Barbera adds: "When you find yourself facing a mafia organization that moves in the legal art market, you don't need sharpshooters so much as business-minded investigators who know how to read financial statements."

Works of art and safe-haven assets, he explains, are today's "cashier's checks: exchange goods with stable value and a double advantage — masking the provenance of the investments, and guaranteeing the availability of the good in real time on the global market."

They are like trophies to exhibit as demonstrations of power.

The criminal chain operates, furthermore, like a value chain that, in its various phases, succeeds in raising and sustaining a constant growth in value.

Investigators have also succeeded in documenting a "reverb effect" enjoyed by the chief clans that own artistic masterpieces with universally recognized value. The extremely coveted items are trophies to exhibit as public demonstrations of power, prestige and dominion over their territory.

"For a mafia boss, having a painting or a sculpture by a major artist at his disposal is not just a money-laundering scheme. Being able to exhibit a masterpiece confers prestige and reputation," the general says. "It contributes to spreading the idea of supremacy that a hegemonic group wants to express in a geographic area, or an in a specific sector of illicit traffic."

Thus the possession of art becomes a sign of power and socio-cultural investiture. A status symbol. It's a well-oiled machine. Over the years, the clans have perfected the methods of hiding money trails coming from drugs and various other rackets and trades.

"Organized crime, in its different expressions, have an interest in investing in goods that can help hide their net worth," says Federico Cafiero De Raho. "Works of art with astronomical values are thus used as instruments to safely deposit huge sums of wealth."

And with a specific advantage for clans. "These investments in paintings, sculptures and archeological treasures effectively cover up the economic entity concentrated in the object," he adds.

A way, then, to muddy the waters, to not give any certainty as to how much illegal money has been laundered along the successive gears of the "artistic laundry machine." The price of an artwork remains secret. To determine how valuable it is, one must turn to a market that is based on subjective valuations.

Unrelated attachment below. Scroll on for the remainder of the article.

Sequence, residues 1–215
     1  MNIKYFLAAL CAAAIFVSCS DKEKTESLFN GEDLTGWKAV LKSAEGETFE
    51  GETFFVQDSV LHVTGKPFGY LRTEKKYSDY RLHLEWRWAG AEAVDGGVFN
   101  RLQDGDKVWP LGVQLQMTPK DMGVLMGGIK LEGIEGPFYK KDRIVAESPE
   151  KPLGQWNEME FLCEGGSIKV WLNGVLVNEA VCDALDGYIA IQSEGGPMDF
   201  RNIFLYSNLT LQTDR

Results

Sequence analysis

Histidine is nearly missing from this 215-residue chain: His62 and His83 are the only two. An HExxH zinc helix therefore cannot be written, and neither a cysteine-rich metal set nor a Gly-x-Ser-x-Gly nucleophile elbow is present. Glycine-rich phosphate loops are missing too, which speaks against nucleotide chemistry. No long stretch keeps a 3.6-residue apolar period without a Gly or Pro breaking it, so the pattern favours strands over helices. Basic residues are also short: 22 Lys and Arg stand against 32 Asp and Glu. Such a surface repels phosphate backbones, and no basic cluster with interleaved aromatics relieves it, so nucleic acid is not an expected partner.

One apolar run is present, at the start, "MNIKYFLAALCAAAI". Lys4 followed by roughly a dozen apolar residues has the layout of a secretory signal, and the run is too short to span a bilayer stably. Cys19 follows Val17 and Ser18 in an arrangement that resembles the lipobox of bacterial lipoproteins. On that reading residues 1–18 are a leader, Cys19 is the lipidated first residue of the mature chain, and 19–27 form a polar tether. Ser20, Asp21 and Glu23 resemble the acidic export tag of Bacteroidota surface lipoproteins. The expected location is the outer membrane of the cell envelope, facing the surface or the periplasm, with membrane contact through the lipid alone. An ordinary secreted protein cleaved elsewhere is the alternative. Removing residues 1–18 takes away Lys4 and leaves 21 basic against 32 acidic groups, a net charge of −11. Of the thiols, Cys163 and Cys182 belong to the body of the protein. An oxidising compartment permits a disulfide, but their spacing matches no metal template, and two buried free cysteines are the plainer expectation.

The national anti-mafia prosecutor reconstructs a constantly updated case study that points unequivocally to a method of hidden payment via art. In hundreds of cases, in fact, paintings, sculptures and frescoes guarantee money transfers from one mafia group to another, protected from any risk.

With a piece of paper, with a private agreement, an exchange of virtual currency is implemented and secured between criminal organizations without a single masterpiece, and in some cases even entire art galleries, needing to be transferred from one location to another.

The artwork remains where it is kept — perhaps in a free port or duty-free zone, inaccessible to all — and passes from one buyer to another.

And this is one of the new frontiers on which attention is being focused, by investigators and legislators. Meanwhile, the fifth directive of the European Union on anti-money laundering imposes on art sector operators the same regulations of transparency currently applicable to banks, notaries and accountants.

A first step toward transparency.

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Geopolitics

How Thailand's Lèse-Majesté Law Is Used To Stifle All Protest

Once meant to protect the royal family, the century-old law has become a tool for the military-led government in Bangkok to stamp out all dissent. A new report outlines the abuses.

Pro-Democracy protest at The Criminal Court in Bangkok, Thailand

Laura Valentina Cortés Sierra

"We need to reform the institution of the monarchy in Thailand. It is the root of the problem." Those words, from Thai student activist Juthatip Sirikan, are a clear expression of the growing youth-led movement that is challenging the legitimacy of the government and demanding deep political changes in the Southeast Asian nation. Yet those very same words could also send Sirikan to jail.

Thailand's Criminal Code 'Lèse-Majesté' Article 112 imposes jail terms for defaming, insulting, or threatening the monarchy, with sentences of three to 15 years. This law has been present in Thai politics since 1908, though applied sparingly, only when direct verbal or written attacks against members of the royal family.